“Those gains we have made were never graciously and generously granted. We have had to fight every inch of the way"
Jane Matilda Bolin, born on the 11th of April 1906.
The first black women to graduate from Yale Law school and become a judge. She was always at the forefront of breaking down barriers. She was a social activist who was the first to assign probation officers to cases regardless of race or religion and she ensured the rights of children were upheld by adding a requirement that all publicly funded child care agencies would accept children regardless of the racial or ethnic background.
Here's why she's April's HWOM:
- Despite the racist and sexist barriers, Bolin powered her way through and earned her law degree in 1931 at just 23 years of age. The following year, Bolin aced her bar exam.
- Bolin fought to integrate child services, promote diversity in the hire of probation officers, and worked diligently for children’s rights.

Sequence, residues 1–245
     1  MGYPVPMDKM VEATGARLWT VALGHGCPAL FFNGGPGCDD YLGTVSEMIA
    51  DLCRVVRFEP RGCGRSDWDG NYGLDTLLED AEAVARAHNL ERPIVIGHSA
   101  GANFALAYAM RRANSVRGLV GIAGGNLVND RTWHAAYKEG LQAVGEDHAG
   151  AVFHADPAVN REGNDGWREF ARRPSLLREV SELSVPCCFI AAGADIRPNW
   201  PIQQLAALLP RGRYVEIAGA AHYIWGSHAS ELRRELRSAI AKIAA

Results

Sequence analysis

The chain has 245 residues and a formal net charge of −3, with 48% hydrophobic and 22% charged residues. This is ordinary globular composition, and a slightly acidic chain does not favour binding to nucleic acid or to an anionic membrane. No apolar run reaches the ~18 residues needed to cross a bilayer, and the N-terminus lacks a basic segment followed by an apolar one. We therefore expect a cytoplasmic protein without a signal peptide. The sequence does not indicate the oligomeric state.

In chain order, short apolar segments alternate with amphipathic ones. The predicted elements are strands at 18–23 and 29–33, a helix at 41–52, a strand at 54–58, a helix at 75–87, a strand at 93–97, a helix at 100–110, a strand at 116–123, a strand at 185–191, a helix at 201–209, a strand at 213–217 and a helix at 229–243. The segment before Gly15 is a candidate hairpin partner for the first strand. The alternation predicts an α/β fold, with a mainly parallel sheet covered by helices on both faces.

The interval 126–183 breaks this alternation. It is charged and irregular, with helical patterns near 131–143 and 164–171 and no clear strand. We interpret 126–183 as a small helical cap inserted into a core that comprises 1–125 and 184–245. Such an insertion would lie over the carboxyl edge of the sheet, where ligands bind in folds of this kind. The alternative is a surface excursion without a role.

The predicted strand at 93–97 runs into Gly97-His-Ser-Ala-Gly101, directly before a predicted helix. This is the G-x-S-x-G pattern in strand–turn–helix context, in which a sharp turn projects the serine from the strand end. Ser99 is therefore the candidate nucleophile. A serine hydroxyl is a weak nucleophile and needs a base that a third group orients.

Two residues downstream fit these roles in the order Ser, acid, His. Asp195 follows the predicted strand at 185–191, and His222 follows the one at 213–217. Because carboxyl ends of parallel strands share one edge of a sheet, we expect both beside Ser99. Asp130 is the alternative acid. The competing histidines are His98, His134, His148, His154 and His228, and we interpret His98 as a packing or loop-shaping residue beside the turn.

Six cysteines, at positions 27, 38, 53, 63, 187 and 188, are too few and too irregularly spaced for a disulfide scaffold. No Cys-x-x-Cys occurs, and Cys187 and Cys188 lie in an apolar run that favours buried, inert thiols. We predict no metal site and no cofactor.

- Mayor Fiorello LaGuardia appointed Jane Bolin Judge of the Domestic Relations Court in 1939, where she served for 40 years. In fact, she was so passionate about her job she was forced to retire at 70 but she still wanted to work. What a woman!
Fun Fact: Gaius Bolin (her father) was the first black man to graduate from the super-exclusive Williams College in Williamstown, Massachusetts. He would take her into his office and she was fascinated by the ‘leather bound books’.